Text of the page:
I realized that auto repair is hardwired in me – that kind of problem-solving working with my hands. I said, “OK God, what do I have? What assets do I have?” Really the only assets I had were my tools.

M3W: You brought them back from Austria?

JA: Oh yeah, I kept them. You don’t give up your tools!

And God was gracious and I was able to build a customer base pretty quickly from word of mouth and soon I had my first employee. Now, I had this young man who wanted to learn the craft, and I found it very easy to talk to him about spiritual things. Even though he was a Christian from a good home, my interaction with him in a disciplined manner began to change his life, and his parents recognized that.

That brought me all the way back to 1971 when I saw business as a great way to disciple.

From that point, God just gave me employee after employee that I could invest in. For instance, there was a guy named Forrest. He hadn’t made a commitment to the Lord, and I sensed that. I was just trying to talk to him and share things like the Bridge Illustration1. And we were out for dinner one night and he bowed his head and prayed to receive Christ. So then, I started to try to follow him up and get him involved in meeting with God daily. And at one point, he said to me that he needed a “study buddy.” I had no idea what he was talking about, but he wanted a friend to get together to study the Bible with. I’m thinking, “I’m three times older than these guys and he wants me for a study buddy!” So I looked at him and said, “Ok, I’ll do it.” And he almost fell out of his chair: “You’ll do that?”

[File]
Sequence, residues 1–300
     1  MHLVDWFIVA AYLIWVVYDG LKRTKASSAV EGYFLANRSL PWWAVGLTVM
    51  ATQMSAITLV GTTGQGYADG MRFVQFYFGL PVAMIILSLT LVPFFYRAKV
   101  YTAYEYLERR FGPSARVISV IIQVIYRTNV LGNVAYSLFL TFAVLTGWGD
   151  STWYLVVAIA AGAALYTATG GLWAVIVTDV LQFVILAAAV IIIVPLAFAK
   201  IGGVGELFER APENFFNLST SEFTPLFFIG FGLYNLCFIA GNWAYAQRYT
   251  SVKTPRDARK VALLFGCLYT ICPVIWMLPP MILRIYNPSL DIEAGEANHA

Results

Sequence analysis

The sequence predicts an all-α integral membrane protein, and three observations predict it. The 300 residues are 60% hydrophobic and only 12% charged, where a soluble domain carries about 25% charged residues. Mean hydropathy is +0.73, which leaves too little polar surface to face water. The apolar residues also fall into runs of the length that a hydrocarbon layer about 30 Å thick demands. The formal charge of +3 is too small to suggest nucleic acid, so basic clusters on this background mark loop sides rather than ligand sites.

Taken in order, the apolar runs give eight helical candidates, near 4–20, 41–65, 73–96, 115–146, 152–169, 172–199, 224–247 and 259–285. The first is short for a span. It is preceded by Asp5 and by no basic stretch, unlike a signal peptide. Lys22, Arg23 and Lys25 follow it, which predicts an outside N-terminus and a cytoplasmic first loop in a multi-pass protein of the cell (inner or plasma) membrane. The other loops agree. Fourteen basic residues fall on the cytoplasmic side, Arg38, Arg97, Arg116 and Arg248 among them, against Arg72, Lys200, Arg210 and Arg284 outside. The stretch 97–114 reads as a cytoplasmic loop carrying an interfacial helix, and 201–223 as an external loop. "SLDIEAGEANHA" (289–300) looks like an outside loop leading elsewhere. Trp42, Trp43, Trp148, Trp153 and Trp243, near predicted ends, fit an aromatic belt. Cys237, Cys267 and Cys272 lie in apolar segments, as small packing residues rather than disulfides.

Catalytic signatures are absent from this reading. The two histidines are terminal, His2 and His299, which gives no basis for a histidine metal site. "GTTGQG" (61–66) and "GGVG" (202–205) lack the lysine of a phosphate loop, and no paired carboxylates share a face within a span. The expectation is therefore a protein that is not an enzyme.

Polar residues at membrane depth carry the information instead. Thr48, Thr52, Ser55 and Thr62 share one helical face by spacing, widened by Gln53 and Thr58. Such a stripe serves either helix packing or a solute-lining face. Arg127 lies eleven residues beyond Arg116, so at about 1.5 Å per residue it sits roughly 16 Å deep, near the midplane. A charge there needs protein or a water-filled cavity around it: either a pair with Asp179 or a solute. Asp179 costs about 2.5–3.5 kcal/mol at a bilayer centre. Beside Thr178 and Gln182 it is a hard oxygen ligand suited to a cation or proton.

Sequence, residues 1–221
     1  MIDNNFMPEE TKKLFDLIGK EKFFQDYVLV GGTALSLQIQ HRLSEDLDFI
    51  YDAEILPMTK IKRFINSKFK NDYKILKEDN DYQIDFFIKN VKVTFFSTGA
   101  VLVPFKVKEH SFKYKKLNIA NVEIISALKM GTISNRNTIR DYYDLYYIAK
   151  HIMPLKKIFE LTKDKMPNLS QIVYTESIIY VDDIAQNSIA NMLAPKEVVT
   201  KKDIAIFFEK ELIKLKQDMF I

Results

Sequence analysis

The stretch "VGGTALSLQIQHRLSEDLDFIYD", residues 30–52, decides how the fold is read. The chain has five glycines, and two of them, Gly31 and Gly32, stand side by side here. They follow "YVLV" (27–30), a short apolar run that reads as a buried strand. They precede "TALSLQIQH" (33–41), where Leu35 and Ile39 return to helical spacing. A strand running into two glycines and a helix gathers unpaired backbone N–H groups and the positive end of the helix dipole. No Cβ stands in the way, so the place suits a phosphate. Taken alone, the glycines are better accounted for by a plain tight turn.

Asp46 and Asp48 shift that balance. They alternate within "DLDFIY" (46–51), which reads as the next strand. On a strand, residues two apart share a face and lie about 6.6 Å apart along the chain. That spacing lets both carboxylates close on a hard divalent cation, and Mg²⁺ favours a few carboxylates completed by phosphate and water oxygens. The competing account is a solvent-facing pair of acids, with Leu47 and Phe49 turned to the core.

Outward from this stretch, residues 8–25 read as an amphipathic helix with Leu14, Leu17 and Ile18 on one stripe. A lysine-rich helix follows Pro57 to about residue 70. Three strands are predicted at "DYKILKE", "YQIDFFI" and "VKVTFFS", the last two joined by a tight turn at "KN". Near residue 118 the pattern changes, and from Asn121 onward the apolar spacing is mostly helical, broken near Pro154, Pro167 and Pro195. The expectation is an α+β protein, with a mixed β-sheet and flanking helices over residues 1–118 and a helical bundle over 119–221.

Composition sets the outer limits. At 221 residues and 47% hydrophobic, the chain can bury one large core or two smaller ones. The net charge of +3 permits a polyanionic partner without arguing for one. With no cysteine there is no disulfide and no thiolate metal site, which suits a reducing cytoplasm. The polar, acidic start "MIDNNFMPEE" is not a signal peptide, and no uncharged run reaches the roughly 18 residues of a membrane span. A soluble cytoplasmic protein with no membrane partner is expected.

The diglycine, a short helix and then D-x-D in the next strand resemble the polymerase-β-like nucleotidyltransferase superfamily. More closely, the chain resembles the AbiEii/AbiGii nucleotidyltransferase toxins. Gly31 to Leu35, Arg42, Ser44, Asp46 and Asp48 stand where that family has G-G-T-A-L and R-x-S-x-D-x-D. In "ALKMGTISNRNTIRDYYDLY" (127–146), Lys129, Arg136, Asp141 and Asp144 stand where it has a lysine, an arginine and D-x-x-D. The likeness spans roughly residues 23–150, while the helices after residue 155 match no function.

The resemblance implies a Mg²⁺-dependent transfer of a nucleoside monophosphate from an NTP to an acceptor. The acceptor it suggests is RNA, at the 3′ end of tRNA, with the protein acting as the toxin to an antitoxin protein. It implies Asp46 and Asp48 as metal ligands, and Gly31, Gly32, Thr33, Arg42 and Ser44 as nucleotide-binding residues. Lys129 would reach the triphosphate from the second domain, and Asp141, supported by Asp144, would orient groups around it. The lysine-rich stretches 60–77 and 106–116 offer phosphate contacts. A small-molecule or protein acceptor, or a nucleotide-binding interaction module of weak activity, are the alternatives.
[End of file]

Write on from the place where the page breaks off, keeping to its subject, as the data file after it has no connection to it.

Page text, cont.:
So, I started meeting with him at 6:00 AM before work, to go through the ABCs of having a quiet time. And over the years, there have been many guys that God has allowed me to rub shoulders with and disciple in that manner.

In a future M3 Weekly article, we will share the last part of our interview with Jim, where he shares some advice he would give to new and aspiring missonal entrepreneurs. Stay tuned.

Verse of the Week:

Very truly I tell you, unless a kernel of wheat falls to the ground and dies, it remains only a single seed. But if it dies, it produces many seeds. John 12:24 (NIV)

As Jim shared today, sometimes it is through the death of a vision that God brings forth healthy shoots of growth and blessing. Let’s pray for God’s grace to trust him for growth and fruit through the enterprises he’s entrusted us to lead.